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The Old Mentality

by Natalie Elliott |

Many of the personal care and cosmetics companies are still using the same recipes they formulated seven decades ago.

I’ve noticed that it’s quite common that the effects upon human health has zero consideration when as a society we become excited by a new wave of product indulgence. Consider the tobacco industry, food cropping, and more recently the movement towards vaping as a ‘safe’ alternative to cigarettes. It appears that not much is different in the world of self-care and cosmetics.

Back in the 1950s, society was charging out of the rations of the 40s and embracing the effects of a growing economy. As life returned to normal and after the depression of war, we all wanted to look good!i

Personal care and cosmetic products were booming onto the market with chemistry as the driving force behind the formulas.

Fast forward 70 years and society has changed…but the industry has not.

70 years ago, we didn’t have the knowledge and understanding that we have today about how certain chemicals and toxins are absorbed into our bodies, and the subsequent harm they do once inside. REF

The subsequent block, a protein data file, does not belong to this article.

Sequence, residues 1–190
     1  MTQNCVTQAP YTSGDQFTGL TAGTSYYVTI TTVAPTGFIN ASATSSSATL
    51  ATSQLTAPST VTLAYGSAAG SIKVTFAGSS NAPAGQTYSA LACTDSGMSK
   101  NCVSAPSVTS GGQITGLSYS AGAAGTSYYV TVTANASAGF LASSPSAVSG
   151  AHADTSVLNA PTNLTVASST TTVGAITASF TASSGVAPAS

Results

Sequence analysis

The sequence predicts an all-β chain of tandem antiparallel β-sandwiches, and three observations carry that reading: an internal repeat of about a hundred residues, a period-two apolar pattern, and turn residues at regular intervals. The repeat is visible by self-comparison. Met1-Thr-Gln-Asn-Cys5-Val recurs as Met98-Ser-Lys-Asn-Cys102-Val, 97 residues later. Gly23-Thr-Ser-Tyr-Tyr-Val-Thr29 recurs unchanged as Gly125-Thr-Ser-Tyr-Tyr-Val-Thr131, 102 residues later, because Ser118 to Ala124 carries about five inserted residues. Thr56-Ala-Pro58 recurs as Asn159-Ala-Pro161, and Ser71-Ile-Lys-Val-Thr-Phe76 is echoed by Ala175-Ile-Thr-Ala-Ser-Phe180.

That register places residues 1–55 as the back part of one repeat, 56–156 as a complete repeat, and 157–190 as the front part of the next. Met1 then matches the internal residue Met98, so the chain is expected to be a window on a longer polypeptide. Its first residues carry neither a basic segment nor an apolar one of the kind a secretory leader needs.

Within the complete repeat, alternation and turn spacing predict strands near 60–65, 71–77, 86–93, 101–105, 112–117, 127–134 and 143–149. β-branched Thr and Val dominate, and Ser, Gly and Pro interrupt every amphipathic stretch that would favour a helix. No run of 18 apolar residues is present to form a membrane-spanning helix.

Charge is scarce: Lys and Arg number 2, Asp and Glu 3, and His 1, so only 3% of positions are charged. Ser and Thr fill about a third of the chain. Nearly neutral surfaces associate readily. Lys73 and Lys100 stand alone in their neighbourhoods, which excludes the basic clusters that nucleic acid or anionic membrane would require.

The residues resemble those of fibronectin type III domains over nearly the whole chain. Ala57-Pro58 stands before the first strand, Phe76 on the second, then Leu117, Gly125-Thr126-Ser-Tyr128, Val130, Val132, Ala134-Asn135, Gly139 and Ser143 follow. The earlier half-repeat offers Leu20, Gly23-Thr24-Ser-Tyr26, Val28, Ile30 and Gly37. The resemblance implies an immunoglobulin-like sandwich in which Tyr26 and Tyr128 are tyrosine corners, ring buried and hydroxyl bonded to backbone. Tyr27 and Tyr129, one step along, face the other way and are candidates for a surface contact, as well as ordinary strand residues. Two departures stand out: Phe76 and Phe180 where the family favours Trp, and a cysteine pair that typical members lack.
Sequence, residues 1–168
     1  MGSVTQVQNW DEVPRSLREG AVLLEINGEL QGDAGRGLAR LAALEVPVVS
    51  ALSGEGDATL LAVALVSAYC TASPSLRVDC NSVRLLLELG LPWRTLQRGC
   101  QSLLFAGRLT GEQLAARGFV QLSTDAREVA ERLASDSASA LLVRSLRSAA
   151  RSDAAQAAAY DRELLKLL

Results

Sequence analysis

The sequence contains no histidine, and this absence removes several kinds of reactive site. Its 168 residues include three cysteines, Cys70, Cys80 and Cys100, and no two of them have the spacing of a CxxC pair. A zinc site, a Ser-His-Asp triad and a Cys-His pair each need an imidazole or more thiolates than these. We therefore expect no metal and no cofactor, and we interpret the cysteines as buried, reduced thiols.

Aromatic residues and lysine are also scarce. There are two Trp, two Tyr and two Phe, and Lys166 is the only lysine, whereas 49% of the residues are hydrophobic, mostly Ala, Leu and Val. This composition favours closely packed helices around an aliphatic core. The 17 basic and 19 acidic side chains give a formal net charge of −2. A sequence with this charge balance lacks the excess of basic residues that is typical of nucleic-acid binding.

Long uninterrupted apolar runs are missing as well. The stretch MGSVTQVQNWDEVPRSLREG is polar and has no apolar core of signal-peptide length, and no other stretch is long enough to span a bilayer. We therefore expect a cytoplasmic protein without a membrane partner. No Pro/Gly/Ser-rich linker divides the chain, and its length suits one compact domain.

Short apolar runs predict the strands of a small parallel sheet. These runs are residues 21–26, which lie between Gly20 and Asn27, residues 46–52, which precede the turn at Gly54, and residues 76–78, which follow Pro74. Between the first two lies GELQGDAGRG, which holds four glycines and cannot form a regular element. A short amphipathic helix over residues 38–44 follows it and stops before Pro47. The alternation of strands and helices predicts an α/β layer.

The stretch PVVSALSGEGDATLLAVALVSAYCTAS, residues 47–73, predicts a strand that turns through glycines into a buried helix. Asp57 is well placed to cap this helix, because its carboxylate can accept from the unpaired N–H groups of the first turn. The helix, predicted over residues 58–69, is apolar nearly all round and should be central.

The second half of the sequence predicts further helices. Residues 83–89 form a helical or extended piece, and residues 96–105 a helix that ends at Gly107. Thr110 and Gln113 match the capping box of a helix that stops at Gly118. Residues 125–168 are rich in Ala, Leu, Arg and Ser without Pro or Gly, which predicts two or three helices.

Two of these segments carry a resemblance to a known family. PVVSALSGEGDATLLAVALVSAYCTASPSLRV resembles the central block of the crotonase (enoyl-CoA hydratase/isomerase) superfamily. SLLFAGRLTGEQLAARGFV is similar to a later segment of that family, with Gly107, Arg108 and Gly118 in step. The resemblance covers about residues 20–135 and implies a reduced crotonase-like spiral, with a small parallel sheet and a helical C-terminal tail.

What is also neglected is the accumulated and combined effect of the whole cocktail of products we use daily. Fair enough, your one shampoo may not cause any harm even though you used that product everyday for your whole life. But what about when it is combined with the other 34 daily products.

‘Data on real-world chemical exposure is limited, and most safety assessments look at one chemical and one source at a time. “but we are not using just one product, “Leiba said. “Your exposure in just one day can greatly outweigh what this one company said was the low dose you had in your product.”’ii

The industry appears to be pretty backwards in moving forwards. It is used to doing things one way. When Nick and I called around to manufacturers we were told more often than not, ‘it is not possible to make that product without the chemical to ‘stabilise,’ or ‘produce foam,’ or ‘preserve it.’

If society is crying out for change, the industry will have to follow…eventually.

i University of Cambridge. Institute of Continued Education. Wind of change: Post war Britain 1945 – 1965: ii Zanolli, L. The Guardian (online). ‘Pretty Hurts: are chemicals in beauty products making us ill?’

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